Overspending in Smith Co.

Smith County had deficits totaling more than $3.5 million in funds for courthouse and jail maintenance, capital projects and solid waste disposal, according to an audit of the county’s finances at the end of the last fiscal year.

State comptroller’s office auditors reported that the largest share of the deficit stemmed from the $2.7 million in costs associated with closing a county landfill and monitoring it. In their response to the audit, Smith County officials wrote that they should have set up reserve funds for some projects at the courts building and ambulance facility and that the county is setting aside money on a regular basis to pay for closing the landfill.

Auditors also found problems with management of the county budget and in purchasing.

They found that appropriations exceeded estimated funding in at least half a dozen funds, including the money set aside for roads, the medical examiner and drug control. County management said a lapse in the special purpose fund has been remedied now that the county had turned over management of the fair to an outside group.

“Smith County had some bills that came in after the year was closed,” county management wrote. “Smith County will have to be more accurate on estimated expenditures in the future.”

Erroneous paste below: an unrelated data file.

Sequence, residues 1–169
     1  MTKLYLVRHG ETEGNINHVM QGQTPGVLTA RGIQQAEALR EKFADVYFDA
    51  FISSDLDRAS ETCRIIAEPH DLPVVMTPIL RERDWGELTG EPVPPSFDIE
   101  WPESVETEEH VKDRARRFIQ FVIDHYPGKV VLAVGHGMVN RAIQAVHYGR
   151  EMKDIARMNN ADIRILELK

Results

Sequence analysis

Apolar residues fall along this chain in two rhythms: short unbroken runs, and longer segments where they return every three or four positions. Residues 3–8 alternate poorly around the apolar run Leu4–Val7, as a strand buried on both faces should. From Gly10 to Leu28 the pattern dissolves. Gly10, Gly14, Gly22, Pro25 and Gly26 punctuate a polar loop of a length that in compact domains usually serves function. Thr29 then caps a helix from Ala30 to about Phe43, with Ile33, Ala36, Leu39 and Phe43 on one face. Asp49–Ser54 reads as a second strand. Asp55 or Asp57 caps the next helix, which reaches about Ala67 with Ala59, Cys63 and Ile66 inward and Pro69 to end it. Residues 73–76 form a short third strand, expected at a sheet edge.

Auditors pointed out that purchase orders had not been issued for some required purchases, and that the county had not solicited competitive bids for the purchase of fuel. The county officials responded by saying both practices were standard policy, and showed no sign of changing it anytime soon. Officials said that the county prefers not to bid out fuel because it would then be responsible for the environmental issues that come with owning fuel storage tanks.

The county highway department continues to be a target for thieves, with someone making off with a pickup truck valued at $7,800 and another $3,130 worth of tools and other items. Auditors said a similar theft had been reported the previous year and urged officials to develop and implement procedures to guard against such losses.

In the schools department, officials had failed to seek competitive bids for more than $95,000 in insurance, including more than $40,000 to cover buildings and their contents. Schools officials responded that they would seek competitive bids for liability insurance, but auditors wrote that they should seek bids not just for liability, but for all types of insurance they buy. State law requires competitive bids for purchases over $10,000.